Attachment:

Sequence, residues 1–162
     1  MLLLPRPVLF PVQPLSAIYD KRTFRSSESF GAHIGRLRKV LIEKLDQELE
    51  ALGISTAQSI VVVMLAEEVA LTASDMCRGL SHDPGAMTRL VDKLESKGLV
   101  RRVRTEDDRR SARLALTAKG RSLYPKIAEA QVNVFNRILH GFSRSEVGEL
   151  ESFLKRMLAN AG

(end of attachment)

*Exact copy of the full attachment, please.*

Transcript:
Sequence, residues 1–162
     1  MLLLPRPVLF PVQPLSAIYD KRTFRSSESF GAHIGRLRKV LIEKLDQELE
    51  ALGISTAQSI VVVMLAEEVA LTASDMCRGL SHDPGAMTRL VDKLESKGLV
   101  RRVRTEDDRR SARLALTAKG RSLYPKIAEA QVNVFNRILH GFSRSEVGEL
   151  ESFLKRMLAN AG